Pileated woodpeckers are large birds native to North America. They, like all woodpeckers, are best known for their love of repeatedly hammering on trees with their beaks. This behavior is, of course, used to bore holes in the trees and collect insect larvae.
The design of woodpeckers’ heads allows them to withstand this type of behavior, please do not attempt to replicate it yourself! Read on to learn about the pileated woodpecker.
Description of the Pileated Woodpecker
You can easily identify these birds by looking for their bright red crests. The rest of their heads are black and white striped, and the rest of their feathers are black.
As far as woodpeckers go, they are quite large. Adults can stand up to 19 in. tall, and have a wingspan of up to 30 in. across. Male pileated woodpeckers have a red “moustache” running on either side of their beaks, while in females this stripe is just black.
Interesting Facts About the Pileated Woodpecker
You will sooner hear these widespread birds than see them! A rhythmic drumming sound usually alerts you to the presence of a woodpecker, and this species is no exception. Learn more interesting tidbits about these creatures below.
- Pileated – Though scientists beat around the bush with it, they named pileated woodpeckers after their red crest. Pileated is a reference to the Latin word pileatus, which means “capped.” This is, of course, a play on the hat-like appearance of the bright red crest of the bird.
- Subspecies – These woodpeckers are a widespread and common bird. Because of this, scientists have identified four different subspecies across their range. The southern subspecies resides in the southeastern United States, save for Florida, which has its own subspecies (aptly named the “Florida pileated woodpecker”). The northern subspecies ranges throughout Canada and the northern United States. Finally, the western subspecies lives throughout western Canada and a strip along the west coast of the United States.
- Lofty Living Arrangement – In addition to searching for food, woodpeckers will use their strong beaks to hammer large holes into trees to create nests. These nests usually have multiple entrance holes, and can be quite large. Some nesting holes are so large that the woodpeckers can accidentally split a small tree in half!
- Drumming Up Competition – Woodpeckers also peck for reasons other than finding food and excavating nests. Pairs of woodpeckers are highly territorial. They will find a hollow tree and hammer loudly against it to create the loudest sound. This drumming helps establish territory boundaries and scare away rivals.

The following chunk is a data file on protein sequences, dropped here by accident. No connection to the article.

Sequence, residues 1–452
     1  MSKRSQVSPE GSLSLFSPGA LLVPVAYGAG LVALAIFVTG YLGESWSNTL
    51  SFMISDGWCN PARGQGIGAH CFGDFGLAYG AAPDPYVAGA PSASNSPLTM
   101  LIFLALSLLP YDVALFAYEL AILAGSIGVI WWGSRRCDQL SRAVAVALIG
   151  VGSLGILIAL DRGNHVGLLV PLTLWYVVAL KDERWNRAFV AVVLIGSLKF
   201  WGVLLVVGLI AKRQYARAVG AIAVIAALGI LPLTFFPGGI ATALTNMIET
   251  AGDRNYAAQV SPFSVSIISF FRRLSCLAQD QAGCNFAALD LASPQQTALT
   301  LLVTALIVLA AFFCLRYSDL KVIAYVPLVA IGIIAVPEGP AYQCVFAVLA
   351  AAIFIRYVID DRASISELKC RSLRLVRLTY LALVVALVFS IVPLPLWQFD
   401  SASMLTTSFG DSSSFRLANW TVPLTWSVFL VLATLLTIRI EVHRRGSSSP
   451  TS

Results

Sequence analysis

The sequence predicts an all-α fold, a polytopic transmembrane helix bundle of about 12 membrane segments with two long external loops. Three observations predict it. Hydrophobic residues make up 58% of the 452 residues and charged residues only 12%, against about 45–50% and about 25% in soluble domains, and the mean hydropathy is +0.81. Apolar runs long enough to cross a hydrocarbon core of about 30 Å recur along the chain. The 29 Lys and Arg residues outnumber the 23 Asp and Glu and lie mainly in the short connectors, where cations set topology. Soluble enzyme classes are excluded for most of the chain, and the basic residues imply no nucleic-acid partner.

Habitat of the Pileated Woodpecker
Because woodpeckers are so reliant on trees as a food source, they must live in forested areas. They specifically seek mature hardwood trees, which are perfect for finding food and drilling into with their beaks. Though they prefer heavily forested habitats, they will live in areas with fewer trees, provided there is still enough for them to forage and make their homes.
Distribution of the Pileated Woodpecker
This species is widespread and common throughout much of its range. They reside across much of North America. Different subspecies occupy different regions across their range.
In the United States, you might see them from eastern Texas to Minnesota and North Dakota, all the way to the east coast. In the western United States they reside along the coast Washington, Oregon, and northern California. They also live across much of southern Canada in forested areas.
Diet of the Pileated Woodpecker
Much of the pileated woodpecker’s diet consists of insects. Their primary prey includes carpenter ants and wood-boring beetle larvae, which they capture by boring holes into trees and logs.
The woodpeckers hammer holes into the trees, and use their long tongue to extract the insects or larvae. However, they will also feed on seeds, nuts, fruits, and berries. Feeding can occur up in the trees, as well as on the forest floor.
Pileated Woodpecker and Human Interaction
For the most part, these birds do not interact with humans frequently. They live in forested areas, and also frequent parks and other urban habitats, but conflicts rarely occur. Occasionally homeowners consider them nuisances for the damage they can inflict on trees, but this is minimal. Across their range, their population is relatively stable. The IUCN lists them as Least Concern.
Humans have not domesticated pileated woodpeckers in any way.
Does the Pileated Woodpecker Make a Good Pet
The pileated woodpecker is protected under the Migratory Bird Act, and it is illegal to own one as a pet.
Pileated Woodpecker Care
Most pileated woodpeckers in zoos are non-releasable animals rescued from the wild. They house them in large enclosures with plenty of flying space. Because they will bore into wooden surfaces, it is important to use metal for their housing. Of course, zookeepers must also provide a variety of tree trunks and branches for them to drill into with their beaks. They eat an insectivore diet, with a variety of fruits, seeds, and berries thrown in.
Behavior of the Pileated Woodpecker
Woodpecker pairs defend territories, and remain in these territories instead of migrating. They make quite a show out of territorial displays, engaging in much hammering, chasing, vocalizing, and chasing rivals. However, during the wintertime they are much more tolerant of vagrants, and are not nearly as aggressive as they are during the breeding season.
Reproduction of the Pileated Woodpecker
Both parents construct the nest cavity, which they carefully chisele into the trunk of a tree. These nesting holes can be very large, and usually contain multiple holes to enter and leave the nest. Abandoned nests A number of other species, both bird and mammal, use their abandoned nests. Both parents incubate the eggs for 12 – 16 days, and the young learn to fly when they are around one month old.